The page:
Searsport Harbor improvements coming in 2014
Searsport — In the coming year Searsport Harbor will be the site of two large improvement projects.
Starting in early spring the town will rebuild its aging wharf while a major dredging project by the Army Corps of Engineers was set to be completed this year.
Searsport town wharf repairs
In order to keep the aging Searsport town wharf open for the 2014 season, it will have to make extensive repairs beginning in late March.
Voters approved $475,000 to help repair the wharf at a Special Town Meeting in November 2013. The money is intended as a match for a federal grant and a state Small Harbor Improvement Program (SHIP) grant.
The town is seeking a federal grant for boating infrastructure of $62,752 and a $250,000 SHIP grant to go toward the estimated $692,700 in repairs needed at the town wharf.
In 1996 the wharf was badly damaged by a severe storm, according to Town Manager James Gillway. Due to the cost of repairing the wharf the town elected to perform the repairs in five stages. The first three stages were completed by 2002; however, the remaining work has since stalled. This year Gillway said he thinks the town would be in a good position to win grant money and be able to complete the work.
"In 2010 I was successful in the grant process and received money to complete the engineering for the project," Gillway wrote. "This gives us a clear advantage for future grant funding."
The town will need to replace around 100 feet of the wharf's main structure, as well as replace some of its floating docks and repair or replace the water lines, electrical system and lighting, Gillway told The Republican Journal in October, 2013. Without the repairs Gillway said he did not think the wharf could open for business next season.
According to Gillway, the town will move forward with repairing the wharf whether it wins the grant money or not. If the town is unsuccessful in its grant bids it will have to go back to the voters to request more money, which Gillway said it would do at the town meeting on March 8.
In either case Gillway said he plans for repairs to begin in late March.
Gillway said he hopes to be notified by early 2014 if the town wins the grant money. Bids for the work would be released soon after, as the town has already completed the engineering work. Gillway said he hoped the work would be able to be completed by boating season.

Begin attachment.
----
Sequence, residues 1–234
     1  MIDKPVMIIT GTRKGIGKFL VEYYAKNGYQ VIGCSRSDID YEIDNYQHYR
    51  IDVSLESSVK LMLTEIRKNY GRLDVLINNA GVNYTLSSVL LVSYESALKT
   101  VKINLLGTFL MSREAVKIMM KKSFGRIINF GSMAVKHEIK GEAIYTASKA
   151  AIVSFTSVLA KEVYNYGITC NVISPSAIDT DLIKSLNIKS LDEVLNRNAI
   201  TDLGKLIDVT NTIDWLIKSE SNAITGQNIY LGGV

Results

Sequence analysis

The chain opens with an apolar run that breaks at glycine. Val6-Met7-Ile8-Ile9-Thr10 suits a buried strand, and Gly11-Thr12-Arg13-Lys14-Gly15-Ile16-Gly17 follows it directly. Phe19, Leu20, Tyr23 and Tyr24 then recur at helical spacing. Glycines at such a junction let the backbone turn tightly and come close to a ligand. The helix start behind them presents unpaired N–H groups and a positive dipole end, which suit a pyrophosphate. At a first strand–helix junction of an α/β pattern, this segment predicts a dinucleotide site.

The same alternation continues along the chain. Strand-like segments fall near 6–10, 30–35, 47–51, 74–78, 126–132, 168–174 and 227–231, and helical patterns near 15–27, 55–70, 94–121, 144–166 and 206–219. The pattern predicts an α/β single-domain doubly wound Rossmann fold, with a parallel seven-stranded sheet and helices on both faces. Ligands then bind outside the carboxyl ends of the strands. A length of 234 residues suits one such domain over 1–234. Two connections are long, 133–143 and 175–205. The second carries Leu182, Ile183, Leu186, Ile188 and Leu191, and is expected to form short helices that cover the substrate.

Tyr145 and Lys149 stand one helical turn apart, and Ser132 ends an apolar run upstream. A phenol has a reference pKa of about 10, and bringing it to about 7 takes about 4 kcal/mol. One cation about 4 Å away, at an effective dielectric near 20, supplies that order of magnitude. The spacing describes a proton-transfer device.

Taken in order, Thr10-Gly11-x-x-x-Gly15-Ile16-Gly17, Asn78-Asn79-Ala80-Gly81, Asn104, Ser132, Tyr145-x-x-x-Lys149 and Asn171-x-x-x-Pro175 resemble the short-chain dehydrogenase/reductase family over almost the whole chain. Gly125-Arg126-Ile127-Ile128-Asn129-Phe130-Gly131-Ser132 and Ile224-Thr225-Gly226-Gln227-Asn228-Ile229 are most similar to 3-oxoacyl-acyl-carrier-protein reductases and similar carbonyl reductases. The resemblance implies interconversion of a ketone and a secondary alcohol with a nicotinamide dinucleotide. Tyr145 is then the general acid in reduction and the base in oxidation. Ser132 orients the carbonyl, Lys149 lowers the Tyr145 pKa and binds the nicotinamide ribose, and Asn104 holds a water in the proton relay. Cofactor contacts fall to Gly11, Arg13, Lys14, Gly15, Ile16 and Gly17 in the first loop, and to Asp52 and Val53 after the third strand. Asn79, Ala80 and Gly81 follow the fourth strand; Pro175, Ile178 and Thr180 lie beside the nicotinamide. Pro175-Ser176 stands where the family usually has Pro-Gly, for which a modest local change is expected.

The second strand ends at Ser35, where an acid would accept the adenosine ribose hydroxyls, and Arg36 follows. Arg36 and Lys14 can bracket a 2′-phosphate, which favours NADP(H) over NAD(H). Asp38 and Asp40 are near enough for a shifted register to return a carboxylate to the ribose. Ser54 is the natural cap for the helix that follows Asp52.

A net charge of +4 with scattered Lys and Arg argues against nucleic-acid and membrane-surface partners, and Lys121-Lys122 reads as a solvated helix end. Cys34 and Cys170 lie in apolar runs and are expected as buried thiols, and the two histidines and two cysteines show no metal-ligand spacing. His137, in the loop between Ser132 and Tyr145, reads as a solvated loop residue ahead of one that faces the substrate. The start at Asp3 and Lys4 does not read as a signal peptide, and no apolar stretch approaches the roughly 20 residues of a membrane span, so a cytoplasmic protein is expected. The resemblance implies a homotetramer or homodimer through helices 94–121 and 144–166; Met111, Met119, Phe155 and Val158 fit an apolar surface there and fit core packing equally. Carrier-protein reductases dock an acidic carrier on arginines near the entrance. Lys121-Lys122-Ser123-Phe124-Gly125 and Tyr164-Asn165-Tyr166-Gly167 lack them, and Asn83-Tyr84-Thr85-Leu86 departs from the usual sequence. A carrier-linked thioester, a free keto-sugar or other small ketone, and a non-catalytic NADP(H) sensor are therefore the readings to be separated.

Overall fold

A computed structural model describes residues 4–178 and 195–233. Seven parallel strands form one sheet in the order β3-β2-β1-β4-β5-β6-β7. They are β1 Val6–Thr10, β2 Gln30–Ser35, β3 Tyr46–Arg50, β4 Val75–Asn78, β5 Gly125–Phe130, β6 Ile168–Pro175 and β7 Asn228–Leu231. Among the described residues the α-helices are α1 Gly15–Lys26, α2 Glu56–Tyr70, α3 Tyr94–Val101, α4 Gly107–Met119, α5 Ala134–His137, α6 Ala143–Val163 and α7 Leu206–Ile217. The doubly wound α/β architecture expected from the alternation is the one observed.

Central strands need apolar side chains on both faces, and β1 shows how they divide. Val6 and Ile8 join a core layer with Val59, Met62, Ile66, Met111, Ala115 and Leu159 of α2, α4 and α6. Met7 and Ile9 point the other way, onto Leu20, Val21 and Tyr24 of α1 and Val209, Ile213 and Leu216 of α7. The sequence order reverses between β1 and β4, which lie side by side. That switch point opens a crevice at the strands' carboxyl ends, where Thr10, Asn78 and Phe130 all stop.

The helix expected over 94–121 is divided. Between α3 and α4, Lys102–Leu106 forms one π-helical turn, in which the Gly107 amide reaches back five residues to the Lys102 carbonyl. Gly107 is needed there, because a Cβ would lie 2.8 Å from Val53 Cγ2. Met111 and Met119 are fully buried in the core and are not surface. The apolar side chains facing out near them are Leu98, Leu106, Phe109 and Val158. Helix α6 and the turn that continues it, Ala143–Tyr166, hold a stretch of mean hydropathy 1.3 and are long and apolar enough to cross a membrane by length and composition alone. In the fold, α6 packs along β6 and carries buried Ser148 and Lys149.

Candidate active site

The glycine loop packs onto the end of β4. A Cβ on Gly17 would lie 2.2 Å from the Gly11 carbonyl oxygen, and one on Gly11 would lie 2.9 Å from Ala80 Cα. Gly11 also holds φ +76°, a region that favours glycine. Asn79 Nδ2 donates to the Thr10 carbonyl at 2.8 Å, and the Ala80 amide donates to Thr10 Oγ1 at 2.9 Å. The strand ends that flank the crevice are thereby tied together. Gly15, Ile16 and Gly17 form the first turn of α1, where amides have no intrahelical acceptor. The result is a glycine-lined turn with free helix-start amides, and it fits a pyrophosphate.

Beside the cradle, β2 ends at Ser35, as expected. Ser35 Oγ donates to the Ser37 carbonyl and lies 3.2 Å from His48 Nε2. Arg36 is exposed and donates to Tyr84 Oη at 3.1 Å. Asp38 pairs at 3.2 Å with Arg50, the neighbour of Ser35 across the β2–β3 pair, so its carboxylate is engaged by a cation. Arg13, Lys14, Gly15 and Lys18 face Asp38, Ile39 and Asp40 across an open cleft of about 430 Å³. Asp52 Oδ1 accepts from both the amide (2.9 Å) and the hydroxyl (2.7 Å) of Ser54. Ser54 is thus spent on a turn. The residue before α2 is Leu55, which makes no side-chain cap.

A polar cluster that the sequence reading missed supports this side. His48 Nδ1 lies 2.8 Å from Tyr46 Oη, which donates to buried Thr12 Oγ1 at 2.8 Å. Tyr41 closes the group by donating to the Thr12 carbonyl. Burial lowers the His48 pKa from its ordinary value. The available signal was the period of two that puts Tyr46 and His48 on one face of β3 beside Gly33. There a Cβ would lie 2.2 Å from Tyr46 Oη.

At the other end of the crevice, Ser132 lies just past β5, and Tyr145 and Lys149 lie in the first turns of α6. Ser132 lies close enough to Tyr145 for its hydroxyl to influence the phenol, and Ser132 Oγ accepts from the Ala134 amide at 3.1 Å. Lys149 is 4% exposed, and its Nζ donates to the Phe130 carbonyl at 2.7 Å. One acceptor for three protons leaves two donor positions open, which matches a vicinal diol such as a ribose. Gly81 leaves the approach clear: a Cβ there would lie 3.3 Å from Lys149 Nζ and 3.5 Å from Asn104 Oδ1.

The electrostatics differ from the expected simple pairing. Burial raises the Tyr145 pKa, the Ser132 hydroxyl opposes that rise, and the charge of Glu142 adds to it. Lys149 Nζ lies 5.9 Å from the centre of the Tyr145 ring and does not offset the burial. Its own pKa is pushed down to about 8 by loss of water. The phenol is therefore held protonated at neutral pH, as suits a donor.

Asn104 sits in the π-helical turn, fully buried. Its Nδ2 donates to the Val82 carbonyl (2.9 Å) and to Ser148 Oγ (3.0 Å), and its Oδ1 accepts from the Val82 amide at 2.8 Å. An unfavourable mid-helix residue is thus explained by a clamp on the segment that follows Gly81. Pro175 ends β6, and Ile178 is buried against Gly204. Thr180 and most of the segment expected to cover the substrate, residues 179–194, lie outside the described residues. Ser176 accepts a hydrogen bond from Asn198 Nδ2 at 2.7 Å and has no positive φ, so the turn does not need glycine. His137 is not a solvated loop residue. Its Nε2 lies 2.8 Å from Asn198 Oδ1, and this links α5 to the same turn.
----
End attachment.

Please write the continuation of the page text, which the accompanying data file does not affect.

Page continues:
Army Corps dredging
The U.S. Army Corps of Engineers is planning to perform a $12 million maintenance and improvement dredging project in Searsport harbor. The original timeline release by the Corps in April, 2013, stated it must complete the dredging by April 9 so as not to interfere with migrating Atlantic Salmon. However, a group of local communities with support from several legislators have urged the Corps to slow its timeline to further study the project's environmental impacts.
The Corps prepared a Draft Feasibility Study/Environmental Assessment to examine improvements to the navigation channel for Searsport Harbor, which it released in the spring of 2013. The Maine Department of Transportation is the non-federal sponsor for the project.
"The purpose of the proposed project is to maintain and improve the existing Federal navigation project for Searsport Harbor at Mack Point in Searsport to accommodate the deep draft vessels that currently use the existing terminals at the port," said Project Manager Barbara Blumeris, of the Corps' New England District, Engineering and Planning Division, in a written statement. "This improvement will reduce the transportation costs incurred by existing shippers due to tidal delays and light loading of vessels."
According to the Corps, the preferred navigation improvement alternative for Searsport Harbor is to deepen both the existing entrance channel and turning basin from their authorized depth of 35 feet to a depth of 40 feet mean lower low water. In addition, the entrance channel would be widened from its current 500 feet at the narrowest point to 650 feet, and a maneuvering area would be created in Long Cove adjacent to the east berth along the State Pier. About 892,000 cubic yards of material would be dredged for the improvement project.
The total quantity of material to be removed from the proposed project is approximately 929,000 cubic yards. Dredging and disposal must occur between Nov. 8 and April 9 to protect migrating Atlantic salmon and other natural resources in Penobscot Bay, according to the Army Corps. Disposal would be at the Penobscot Bay Disposal Site, approximately six miles from the project area, or at the alternative Rockland Disposal Site in the lower bay.
Because of the potential impact to the island community, the Islesboro Board of Selectmen asked other local communities to send letters to the Army Corps requesting a detailed Environmental Impact Statement or a full Supplemental Environmental Assessment be completed before the dredging project begins.
In the letter sent in November, 2013, the Islesboro selectmen state the proposed dredging would “have an adverse effect on businesses in the region, especially lobstering, boatyards and the service sector built upon a scenic and environmentally viable bay.”
Later in the letter, the selectmen state that they are not questioning the need for minor dredging in Searsport Harbor, but that their issue is with the amount of material proposed to be dredged.
Several surrounding communities including Searsport and Belfast agreed to send letters of concern to the Army Corps.